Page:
Some of the key objectives of the new Spacecom Policy was to usher in new-age satellite technologies and also provide for Indian entities to apply for permissions for the following:
- The operation of satellites in (non-geostationary orbits) NGSOs, which will allow communications and services provided using LEO (low earth orbit) and MEO (medium earth orbit) satellites.
- The use of non-Indian orbital resources, such as foreign satellites and orbital resources.
- Establishment of ground control segments.
As per the new Indian Space Policy, which was eventually made public on Thursday, April 20, 2023, Indian Space Research Organization (ISRO) shall transition out from manufacturing operational space systems and focus its energies on R&D in advanced technologies. The policy also permits non-government entities (NGEs) to offer national and international space-based communication services, through self-owned, procured, or leased geostationary orbit (GSO) and non-geostationary satellite orbit (NGSO) satellite systems. The new policy also encourages NGEs to set up, operate, and manage ground facilities for space objects operations, which are telemetry, tracking and command (TT&C) earth stations and satellite control centers (SCCs). Industry leaders from across India welcomed the policy and described it as a forward looking one that will position India strongly and launch the Indian space sector into the 21st century. The leaders opined that the policy will be a catalyst for development of a robust, innovative, and globally competitive space ecosystem in India.
Satellite communication service has a huge potential market in India, and its size can touch USD 600 billion in the coming years. While 2023 was very positive in terms of satellite communication, there are still challenges that need to be addressed. There is still a need for a single-window clearance and the need to provision a regulator for the NTN (non-terrestrial network) integration.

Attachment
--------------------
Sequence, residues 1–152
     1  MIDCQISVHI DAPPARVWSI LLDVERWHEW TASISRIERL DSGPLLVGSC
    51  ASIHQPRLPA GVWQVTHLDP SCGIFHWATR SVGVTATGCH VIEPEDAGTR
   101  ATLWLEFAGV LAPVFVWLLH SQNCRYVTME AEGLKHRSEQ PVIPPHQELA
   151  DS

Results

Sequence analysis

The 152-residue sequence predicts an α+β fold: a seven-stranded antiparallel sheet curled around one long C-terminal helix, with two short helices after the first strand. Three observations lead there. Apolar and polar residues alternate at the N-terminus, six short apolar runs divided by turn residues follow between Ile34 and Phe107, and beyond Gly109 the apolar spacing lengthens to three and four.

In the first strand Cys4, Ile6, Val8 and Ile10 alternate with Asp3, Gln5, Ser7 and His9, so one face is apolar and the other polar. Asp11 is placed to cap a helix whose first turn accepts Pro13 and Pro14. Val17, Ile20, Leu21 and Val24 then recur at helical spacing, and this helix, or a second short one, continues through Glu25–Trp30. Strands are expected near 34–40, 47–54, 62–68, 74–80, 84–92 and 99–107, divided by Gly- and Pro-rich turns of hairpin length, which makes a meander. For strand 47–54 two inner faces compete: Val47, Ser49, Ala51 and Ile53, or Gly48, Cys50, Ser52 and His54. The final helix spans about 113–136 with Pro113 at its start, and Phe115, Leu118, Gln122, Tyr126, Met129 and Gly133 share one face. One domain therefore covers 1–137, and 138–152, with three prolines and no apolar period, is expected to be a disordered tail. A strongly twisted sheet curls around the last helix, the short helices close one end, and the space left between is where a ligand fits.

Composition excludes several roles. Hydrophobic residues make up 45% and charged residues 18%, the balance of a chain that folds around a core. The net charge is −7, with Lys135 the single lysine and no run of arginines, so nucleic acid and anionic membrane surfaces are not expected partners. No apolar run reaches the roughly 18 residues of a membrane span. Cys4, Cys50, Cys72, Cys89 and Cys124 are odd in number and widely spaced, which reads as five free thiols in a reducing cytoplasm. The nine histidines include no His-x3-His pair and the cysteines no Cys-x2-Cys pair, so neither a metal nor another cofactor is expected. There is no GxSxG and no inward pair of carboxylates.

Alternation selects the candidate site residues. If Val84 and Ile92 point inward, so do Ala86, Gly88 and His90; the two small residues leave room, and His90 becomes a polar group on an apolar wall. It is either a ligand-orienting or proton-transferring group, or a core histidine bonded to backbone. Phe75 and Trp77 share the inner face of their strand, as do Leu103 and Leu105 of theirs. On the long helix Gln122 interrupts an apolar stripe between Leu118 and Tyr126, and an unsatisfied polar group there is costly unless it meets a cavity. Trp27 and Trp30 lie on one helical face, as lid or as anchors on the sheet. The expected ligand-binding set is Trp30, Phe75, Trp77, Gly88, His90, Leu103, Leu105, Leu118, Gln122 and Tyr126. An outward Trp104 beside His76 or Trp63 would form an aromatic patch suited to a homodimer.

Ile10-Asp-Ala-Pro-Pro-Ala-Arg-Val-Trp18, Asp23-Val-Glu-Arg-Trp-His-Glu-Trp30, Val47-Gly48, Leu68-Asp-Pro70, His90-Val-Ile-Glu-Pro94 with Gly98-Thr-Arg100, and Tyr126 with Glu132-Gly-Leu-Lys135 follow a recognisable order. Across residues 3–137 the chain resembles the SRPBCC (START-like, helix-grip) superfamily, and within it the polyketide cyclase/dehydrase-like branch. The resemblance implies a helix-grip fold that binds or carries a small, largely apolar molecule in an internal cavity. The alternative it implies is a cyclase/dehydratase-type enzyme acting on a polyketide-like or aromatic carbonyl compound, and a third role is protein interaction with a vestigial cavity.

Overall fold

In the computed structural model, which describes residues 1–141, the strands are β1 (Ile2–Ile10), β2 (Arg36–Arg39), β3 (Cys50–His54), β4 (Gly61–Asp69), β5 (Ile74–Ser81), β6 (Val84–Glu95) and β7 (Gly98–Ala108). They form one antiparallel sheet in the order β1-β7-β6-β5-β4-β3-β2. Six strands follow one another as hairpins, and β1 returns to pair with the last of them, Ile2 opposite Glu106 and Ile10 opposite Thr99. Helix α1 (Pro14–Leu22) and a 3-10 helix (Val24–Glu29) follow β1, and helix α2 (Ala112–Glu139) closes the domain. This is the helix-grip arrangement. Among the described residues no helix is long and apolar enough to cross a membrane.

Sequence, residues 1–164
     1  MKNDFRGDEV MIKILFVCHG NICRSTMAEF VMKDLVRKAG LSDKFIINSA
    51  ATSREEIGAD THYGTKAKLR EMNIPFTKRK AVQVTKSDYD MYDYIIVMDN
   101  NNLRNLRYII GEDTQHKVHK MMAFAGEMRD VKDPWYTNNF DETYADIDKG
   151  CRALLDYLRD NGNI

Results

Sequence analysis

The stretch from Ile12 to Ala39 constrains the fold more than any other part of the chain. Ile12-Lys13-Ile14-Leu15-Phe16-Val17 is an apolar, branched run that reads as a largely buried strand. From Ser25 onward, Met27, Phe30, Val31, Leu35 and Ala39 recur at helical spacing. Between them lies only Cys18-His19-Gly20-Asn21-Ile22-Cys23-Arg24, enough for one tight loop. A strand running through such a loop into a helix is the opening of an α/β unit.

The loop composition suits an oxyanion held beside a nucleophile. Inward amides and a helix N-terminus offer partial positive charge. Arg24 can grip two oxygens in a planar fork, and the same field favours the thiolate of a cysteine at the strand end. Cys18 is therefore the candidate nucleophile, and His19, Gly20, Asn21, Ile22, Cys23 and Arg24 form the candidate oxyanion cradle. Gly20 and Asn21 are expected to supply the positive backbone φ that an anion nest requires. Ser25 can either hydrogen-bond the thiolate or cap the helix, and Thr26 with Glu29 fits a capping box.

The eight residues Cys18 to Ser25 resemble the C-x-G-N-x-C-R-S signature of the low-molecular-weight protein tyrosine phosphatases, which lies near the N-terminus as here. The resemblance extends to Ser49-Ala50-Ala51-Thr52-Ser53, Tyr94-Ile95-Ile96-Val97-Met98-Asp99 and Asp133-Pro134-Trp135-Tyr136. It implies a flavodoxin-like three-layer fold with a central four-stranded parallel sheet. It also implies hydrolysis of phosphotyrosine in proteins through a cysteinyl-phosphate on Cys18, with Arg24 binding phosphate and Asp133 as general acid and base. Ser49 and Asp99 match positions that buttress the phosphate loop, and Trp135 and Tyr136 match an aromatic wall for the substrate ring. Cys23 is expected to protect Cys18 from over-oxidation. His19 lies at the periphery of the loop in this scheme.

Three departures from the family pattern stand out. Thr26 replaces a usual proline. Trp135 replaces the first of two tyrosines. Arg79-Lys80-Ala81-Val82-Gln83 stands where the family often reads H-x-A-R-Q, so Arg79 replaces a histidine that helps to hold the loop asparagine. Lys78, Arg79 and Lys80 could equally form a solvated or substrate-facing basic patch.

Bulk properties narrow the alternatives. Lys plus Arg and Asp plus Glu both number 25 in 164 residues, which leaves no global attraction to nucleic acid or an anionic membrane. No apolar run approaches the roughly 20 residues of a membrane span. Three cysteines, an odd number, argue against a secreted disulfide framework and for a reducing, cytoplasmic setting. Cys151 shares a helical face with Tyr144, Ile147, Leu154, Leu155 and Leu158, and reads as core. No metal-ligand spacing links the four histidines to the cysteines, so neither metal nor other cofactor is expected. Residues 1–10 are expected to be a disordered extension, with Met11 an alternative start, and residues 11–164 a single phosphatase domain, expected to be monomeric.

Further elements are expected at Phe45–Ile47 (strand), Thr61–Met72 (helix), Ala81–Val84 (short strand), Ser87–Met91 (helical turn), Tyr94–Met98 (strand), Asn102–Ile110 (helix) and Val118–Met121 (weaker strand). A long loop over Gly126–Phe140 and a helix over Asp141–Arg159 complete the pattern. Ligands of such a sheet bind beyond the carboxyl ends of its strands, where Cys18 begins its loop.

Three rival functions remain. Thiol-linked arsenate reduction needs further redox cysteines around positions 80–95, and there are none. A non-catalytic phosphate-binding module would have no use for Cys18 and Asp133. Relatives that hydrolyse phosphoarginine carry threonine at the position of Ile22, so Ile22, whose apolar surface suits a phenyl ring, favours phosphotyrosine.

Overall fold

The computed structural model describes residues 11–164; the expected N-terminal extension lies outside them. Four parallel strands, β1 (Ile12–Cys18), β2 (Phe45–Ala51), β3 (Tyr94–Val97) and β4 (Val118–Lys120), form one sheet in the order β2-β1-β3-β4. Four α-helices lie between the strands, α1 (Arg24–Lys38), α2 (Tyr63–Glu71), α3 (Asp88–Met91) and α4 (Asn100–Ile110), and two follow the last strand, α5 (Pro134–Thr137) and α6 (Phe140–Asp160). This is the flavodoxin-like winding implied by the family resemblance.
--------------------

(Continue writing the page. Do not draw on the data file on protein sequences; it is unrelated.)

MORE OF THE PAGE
Looking ahead to 2024, the satellite communication industry is poised for a significant transformation, triggered by an array of innovations that promise to reshape the way we communicate and explore the majestic cosmos. In this ever-evolving industry, satellites are no longer confined to being just beacons in the sky; they are the catalysts driving global connectivity taking coverage to the remotest parts of the earth, space exploration, weather monitoring, and beyond. The year 2024 promises a celestial banquet of advancements that will redefine the satellite industry’s role in our hyper-connected world. These trends will have profound implications, not just for the aerospace industry but also for the society at large. They will influence how we communicate and collaborate, navigate through cities and towns, predict weather conditions, closely monitor the environment, and even explore outer space. Given these trends, it is no surprise that we see Industry behemoths like Elon Musk, Jeff Bezos playing in this space and investing billions of dollars to capitalize on this massive opportunity to provide satellite broadband internet access to enterprise as well as home users. Not to be left behind, large Indian conglomerates like Reliance Industries through their joint venture with SES as well as Bharti Airtel’s venture OneWeb are also likely to offer satellite broadband internet service from 2024. This will only mean good news for consumers who will now have an alternate connectivity option for high-speed and reliable internet access. From bridging the digital divide to advancing scientific discovery, the satellite industry is poised to touch nearly every facet of our lives in ways we are only now beginning to comprehend.
This article is authored by Sunil David, Digital Technology Consultant; Ex-Regional Director (IoT)-AT&T; Co-Chair of Digital Comm. Group of IET Future Tech Panel; and CII National AI Forum Member. Views expressed are personal.